The next term will be an important time for our district. The right decisions have to be made.  I have the knowledge and experience to meet the challenges ahead of us to advance our district.  This requires good judgment, fiscal responsibility and commitment.

These are my strengths and I will continue to work toward making our district one of the best in the province.

Terry Hanik (Trail)

Sixty-two-years-old, born and raised in Trail. President of Trail Wildlife Association, Warden for Fort Shepherd Land Conservancy. Retired from Teck where he served as a Local 480 shop steward.

There has been little change on the board over the years.  I believe the school board needs new blood, new ideas and a new approach. Personal goals have come before some of the board members instead of representing the children in the entire district.

The board has got to show more concern for the parents and children. The future of these children are in the hands of the board. I want to give back to the community by protecting the interest of our children. I feel the voters would like a fair representation on the board.

One of the biggest issues facing the school district is the declining enrollment and the way resources are used.

When “planning for the future document” came out it shows there will be a steady decline of students. That means we will lose student/teacher programs. If that’s the case, what can we do? We have to be prepared for this.

The board has to step back and take a look at the whole picture. The future is going to be tough enough for our children without the board making it even tougher for them.

We need equal opportunity across the school district. The board can develop a plan that meets the needs of all the students in the district. It’s time to take the politics out and make sound decisions. The board is committed to the students and parents, not for their own personal goals.

One possibility is that the board has to tighten their belts on resources. They have to make wiser decisions to make an impact on our students future.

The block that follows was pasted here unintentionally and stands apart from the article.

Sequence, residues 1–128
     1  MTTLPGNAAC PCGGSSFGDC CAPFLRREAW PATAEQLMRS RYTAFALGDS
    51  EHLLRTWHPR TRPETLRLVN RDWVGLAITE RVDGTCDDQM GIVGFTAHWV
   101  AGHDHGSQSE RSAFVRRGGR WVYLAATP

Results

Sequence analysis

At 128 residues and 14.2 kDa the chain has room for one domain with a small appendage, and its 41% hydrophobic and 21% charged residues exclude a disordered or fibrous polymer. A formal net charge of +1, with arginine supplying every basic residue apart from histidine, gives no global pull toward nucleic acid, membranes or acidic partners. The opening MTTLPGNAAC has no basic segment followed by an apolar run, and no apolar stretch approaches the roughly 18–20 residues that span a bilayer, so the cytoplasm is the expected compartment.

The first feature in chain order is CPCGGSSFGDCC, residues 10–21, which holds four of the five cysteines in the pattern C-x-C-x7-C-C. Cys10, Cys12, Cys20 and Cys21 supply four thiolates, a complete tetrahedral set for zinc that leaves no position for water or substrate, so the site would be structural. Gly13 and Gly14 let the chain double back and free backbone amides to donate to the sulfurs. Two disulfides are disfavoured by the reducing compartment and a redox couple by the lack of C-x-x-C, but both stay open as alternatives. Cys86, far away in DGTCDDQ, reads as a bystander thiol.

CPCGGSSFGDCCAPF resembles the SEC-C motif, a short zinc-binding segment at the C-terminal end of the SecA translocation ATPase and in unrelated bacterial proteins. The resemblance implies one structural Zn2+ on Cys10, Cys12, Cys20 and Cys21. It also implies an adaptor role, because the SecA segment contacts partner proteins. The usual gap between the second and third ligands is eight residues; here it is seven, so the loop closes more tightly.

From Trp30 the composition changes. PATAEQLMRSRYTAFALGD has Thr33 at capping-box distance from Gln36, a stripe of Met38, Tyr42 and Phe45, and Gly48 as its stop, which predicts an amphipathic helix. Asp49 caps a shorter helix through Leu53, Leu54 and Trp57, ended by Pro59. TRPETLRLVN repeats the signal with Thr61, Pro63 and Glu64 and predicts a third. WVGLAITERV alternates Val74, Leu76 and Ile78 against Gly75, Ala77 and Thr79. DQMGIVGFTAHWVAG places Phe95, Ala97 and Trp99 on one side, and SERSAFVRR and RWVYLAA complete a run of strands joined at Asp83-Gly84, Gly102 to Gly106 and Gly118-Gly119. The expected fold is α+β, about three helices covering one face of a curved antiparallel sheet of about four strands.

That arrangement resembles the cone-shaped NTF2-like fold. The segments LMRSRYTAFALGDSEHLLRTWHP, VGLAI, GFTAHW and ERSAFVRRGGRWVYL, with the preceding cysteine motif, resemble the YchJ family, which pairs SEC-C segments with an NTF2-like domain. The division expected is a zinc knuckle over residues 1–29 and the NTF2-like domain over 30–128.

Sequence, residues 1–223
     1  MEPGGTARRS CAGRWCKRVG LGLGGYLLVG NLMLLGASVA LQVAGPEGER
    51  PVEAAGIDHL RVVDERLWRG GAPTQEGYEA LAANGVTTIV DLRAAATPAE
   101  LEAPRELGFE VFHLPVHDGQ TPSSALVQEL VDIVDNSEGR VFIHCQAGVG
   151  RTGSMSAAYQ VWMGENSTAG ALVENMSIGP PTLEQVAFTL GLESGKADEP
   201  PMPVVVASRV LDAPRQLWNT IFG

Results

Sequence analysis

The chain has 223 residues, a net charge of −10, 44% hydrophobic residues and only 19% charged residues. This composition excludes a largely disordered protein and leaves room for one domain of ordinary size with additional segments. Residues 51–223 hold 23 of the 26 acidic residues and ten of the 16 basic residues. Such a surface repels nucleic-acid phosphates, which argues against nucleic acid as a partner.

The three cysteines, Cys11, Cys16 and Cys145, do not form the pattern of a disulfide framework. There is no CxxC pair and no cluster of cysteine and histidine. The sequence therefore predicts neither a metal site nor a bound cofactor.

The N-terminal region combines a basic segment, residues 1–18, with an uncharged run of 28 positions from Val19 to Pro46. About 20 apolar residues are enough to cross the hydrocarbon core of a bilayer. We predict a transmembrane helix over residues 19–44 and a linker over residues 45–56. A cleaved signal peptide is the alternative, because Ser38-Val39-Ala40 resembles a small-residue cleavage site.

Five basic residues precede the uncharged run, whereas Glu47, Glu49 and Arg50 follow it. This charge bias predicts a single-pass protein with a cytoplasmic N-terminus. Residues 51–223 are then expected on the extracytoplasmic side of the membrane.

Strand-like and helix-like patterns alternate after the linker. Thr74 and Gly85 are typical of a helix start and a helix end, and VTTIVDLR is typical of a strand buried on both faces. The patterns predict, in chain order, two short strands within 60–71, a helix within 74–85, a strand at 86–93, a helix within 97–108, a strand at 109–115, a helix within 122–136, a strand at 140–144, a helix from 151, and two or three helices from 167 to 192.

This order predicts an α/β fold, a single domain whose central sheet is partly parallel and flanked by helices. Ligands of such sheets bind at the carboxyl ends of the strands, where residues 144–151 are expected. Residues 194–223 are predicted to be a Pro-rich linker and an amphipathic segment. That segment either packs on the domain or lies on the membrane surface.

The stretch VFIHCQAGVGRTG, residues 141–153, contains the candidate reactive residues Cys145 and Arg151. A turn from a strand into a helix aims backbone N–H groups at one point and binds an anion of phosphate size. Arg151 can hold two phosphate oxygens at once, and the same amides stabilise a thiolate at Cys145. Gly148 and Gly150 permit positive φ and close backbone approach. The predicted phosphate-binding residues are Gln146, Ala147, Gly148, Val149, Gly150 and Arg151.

We have to provide the best programs for our children if they are to succeed.

Vince Morelli (Fruitvale/Area A)

About to complete his second term as a school trustee. The West Kootenay/Boundary representative on the Local Government Management Association, with involvement on the education committee, as well as the MATI (Municipal Administration Training Institute), which is training for members in the profession.

I want to see that every young person is given the opportunity to reach their potential and succeed in whatever endeavor they may choose.  I want to do my part so that every young person has that opportunity, and is able to achieve their ambitions.

I am very proud to be able to say that our district is moving in the direction that the province’s plan for education excellence prescribing.  This plan includes:  personalized learning for every student; quality teaching and learning; flexibility and choice; high standards; and learning empowered by technology.

With my municipal background, I approach things from a different perspective.  I see the economic development value of a school in the community.  Whenever a new person wants to move into a community, they phone the municipal office and ask, what do you have for schools in your community.  I had the situation in Fruitvale one time when a businessperson said to me; that if we had K – 12 in Fruitvale, his family would be living in Fruitvale.  I believe that partnerships can be developed with local governments, and that there can be more shared resources, between municipalities, school districts, and regional districts.

A large portion of my municipal experience has also been in the financial end of the business, where in a larger municipality, where the budget exceeded $75,000,000.  I have worked in municipalities that have had large amounts of money, and municipalities that have had to count every penny, where a large project would have to be spread over several years.

The biggest challenge that we will be encountering is having adequate funds to provide, all the resources in all our schools so that we prepare the young people for the future.  I am prepared to try to come up with different solutions.